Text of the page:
• We participate in National Anti-Bullying Week and awareness days, where students in all year groups undertake a range of activities, some of which from outside agencies or guest speakers.
  • We display information about bullying behaviour and support in key areas of school.
  • We share information with parents and carers about bullying behaviour, how to report and where to access support.
  • We have a strong pastoral team who mentor, coach and support students who experience, display or witness bullying behaviour.
  • Where necessary we use specific organisations or resources for help with problems students may be facing.
  • We implement disciplinary sanctions. The consequences of bullying behaviour reflect the seriousness of the incident so that others see that this behaviour is unacceptable.

As part of our school culture and core values we promote respect, inclusion and dignity for everyone.  Staff build strong, supportive relationships with students, support students in developing positive peer relationships and are role models to show what this looks like.

As a school we have clear expectations for behaviour, which is outlined in our behaviour policy.  All staff have responsibility, with the support of the Leadership Team, for creating a high quality, proud and respectful learning environment, teaching good, positive behaviour, having high expectations and aspirations of what pupils can achieve and implementing the agreed policy and procedures consistently.


Anti-bullying Policies

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Bullying behaviour which occurs outside school premises

School staff members have the power to discipline pupils for misbehaving outside the school premises. Sections 90 and 91 of the Education and Inspections Act 2006 say that a school’s disciplinary powers can be used to address pupils’ conduct when they are not on school premises and are not under the lawful control or charge of a member of school staff, but only if it would be reasonable for the school to regulate pupils’ behaviour in those circumstances. This may include bullying incidents occurring anywhere off the school premises, such as on school or public transport, outside the local shops, or in a town or village centre.

Where bullying outside school is reported to school staff, it should be investigated and acted on. The headteacher should also consider whether it is appropriate to notify the police or anti-social behaviour coordinator in their local authority of the action taken against a pupil. If the misbehaviour could be criminal or poses a serious threat to a member of the public, the police should always be informed.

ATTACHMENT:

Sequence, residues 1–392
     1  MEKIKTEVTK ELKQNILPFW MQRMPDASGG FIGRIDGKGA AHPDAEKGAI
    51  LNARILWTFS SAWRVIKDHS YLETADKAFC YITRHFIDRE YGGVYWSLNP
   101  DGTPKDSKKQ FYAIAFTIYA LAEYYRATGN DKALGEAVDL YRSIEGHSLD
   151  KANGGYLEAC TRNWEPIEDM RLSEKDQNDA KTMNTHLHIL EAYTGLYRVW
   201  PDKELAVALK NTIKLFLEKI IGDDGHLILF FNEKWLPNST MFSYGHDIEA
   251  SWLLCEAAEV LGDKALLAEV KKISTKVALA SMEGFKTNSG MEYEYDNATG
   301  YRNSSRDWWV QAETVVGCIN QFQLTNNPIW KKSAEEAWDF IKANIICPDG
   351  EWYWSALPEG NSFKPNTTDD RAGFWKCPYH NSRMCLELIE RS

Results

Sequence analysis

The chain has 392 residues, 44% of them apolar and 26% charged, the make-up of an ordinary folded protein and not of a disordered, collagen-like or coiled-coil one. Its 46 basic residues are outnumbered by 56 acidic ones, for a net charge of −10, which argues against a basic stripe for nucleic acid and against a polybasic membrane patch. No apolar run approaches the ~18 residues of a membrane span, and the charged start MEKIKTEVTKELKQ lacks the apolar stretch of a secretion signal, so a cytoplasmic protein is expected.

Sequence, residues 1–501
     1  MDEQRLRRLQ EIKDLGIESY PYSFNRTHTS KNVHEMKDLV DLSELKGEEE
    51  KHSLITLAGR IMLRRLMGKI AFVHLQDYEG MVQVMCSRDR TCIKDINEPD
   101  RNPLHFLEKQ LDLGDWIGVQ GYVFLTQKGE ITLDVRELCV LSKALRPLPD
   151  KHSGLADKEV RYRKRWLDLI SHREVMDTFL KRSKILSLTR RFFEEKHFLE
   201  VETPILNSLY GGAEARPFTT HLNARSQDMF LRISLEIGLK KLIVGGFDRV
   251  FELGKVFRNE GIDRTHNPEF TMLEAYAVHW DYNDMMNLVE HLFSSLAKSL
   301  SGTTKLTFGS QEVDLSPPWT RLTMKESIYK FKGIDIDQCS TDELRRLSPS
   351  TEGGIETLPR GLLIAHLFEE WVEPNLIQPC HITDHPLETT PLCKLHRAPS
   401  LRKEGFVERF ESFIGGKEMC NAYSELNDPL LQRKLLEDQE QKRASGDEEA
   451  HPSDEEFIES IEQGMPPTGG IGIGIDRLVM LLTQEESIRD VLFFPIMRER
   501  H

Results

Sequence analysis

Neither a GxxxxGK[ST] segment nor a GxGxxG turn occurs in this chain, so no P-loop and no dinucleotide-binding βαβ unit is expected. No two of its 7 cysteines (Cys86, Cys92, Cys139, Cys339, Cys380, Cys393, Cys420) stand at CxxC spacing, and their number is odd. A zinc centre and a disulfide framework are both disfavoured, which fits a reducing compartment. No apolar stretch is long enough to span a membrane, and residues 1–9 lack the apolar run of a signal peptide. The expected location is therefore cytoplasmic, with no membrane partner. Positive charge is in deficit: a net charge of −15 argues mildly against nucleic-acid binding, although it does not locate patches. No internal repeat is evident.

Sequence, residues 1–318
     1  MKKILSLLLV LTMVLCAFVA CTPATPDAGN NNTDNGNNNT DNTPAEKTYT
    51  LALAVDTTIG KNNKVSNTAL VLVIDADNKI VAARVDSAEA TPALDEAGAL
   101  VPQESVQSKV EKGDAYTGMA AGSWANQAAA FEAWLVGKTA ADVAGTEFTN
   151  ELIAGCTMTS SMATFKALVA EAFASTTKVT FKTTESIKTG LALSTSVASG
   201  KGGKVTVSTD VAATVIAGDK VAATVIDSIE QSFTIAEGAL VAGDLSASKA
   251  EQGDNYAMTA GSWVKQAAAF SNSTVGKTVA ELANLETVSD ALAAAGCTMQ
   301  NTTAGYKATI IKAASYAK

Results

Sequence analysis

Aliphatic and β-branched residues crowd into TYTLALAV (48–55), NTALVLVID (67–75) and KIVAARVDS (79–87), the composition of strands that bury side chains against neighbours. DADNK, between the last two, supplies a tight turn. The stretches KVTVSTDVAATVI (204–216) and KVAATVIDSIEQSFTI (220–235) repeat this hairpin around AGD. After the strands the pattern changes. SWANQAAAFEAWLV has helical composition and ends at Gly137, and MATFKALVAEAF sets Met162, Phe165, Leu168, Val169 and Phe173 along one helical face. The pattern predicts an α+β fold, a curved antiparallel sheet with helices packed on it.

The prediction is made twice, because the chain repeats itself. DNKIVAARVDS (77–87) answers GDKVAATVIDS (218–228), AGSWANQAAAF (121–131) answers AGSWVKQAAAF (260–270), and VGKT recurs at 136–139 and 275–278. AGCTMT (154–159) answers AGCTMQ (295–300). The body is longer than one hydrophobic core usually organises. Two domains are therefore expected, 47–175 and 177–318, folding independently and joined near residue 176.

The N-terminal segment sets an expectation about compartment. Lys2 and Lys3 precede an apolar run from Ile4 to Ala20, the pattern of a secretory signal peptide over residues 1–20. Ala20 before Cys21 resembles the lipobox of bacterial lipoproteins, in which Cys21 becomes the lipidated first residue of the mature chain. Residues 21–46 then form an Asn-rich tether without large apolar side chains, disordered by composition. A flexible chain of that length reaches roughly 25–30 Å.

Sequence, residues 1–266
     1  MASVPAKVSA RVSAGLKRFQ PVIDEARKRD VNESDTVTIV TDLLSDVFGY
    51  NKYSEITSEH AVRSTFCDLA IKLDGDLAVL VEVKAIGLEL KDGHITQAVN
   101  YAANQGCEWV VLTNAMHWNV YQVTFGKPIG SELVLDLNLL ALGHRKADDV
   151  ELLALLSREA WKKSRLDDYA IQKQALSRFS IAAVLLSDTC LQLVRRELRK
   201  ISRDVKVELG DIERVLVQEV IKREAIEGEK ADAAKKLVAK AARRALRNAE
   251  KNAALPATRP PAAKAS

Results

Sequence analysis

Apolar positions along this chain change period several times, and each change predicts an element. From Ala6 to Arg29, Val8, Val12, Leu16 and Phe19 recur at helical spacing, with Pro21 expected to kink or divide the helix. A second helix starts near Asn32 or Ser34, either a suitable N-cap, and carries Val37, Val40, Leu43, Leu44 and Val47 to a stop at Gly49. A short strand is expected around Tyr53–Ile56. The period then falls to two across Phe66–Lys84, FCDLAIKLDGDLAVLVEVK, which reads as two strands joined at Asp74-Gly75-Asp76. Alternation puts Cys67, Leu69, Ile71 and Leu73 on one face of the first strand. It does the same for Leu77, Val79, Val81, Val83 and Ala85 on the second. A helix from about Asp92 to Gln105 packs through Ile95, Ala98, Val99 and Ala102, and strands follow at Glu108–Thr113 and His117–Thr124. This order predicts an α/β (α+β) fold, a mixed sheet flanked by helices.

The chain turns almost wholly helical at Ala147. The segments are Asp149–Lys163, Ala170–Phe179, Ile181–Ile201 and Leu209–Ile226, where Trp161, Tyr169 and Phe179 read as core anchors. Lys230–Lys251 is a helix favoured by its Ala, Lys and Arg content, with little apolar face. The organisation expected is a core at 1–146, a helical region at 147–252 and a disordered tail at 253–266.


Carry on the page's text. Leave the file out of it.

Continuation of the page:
While school staff members have the power to discipline pupils for bullying that occurs outside school, they can only impose the disciplinary sanction and implement that sanction on the school premises or when the pupil is under the lawful control of school staff, for instance on a school trip.

DFE: Preventing and tackling bullying July 2017


How to report bullying behaviour

Students can talk or email a trusted member of staff in school.  They can also report their concern via MyVoice: https://www.thesafeguardingcompany.com/myvoice/

This will inform the safeguarding team in school.

Parents and carers can contact a member of our pastoral and safeguarding team in school, you can do this by:

  • telephoning the school 01782 987800
  • emailing a member of the team:


Head of Year:




Support outside of school




National Bullying Helpline

Information and advice for anyone dealing with bullying including parents, carers and children.








Anti-Bullying Alliance

Advice and support materials for parents, carers and children to keep children safe from bullying behaviour.

Advice for parents and carers (anti-bullyingalliance.org.uk)


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Young Minds

‚ÄčAdvice for parents, carers and children to keep children safe from bullying.

Bullying | Parents Guide to Support | YoungMinds





A counselling service for children and young people up to their 19th birthday in the UK provided by the NSPCC.

Childline | Childline

1-2-1 counsellor chat | Childline




Advice for parents, carers and children to keep children safe from bullying.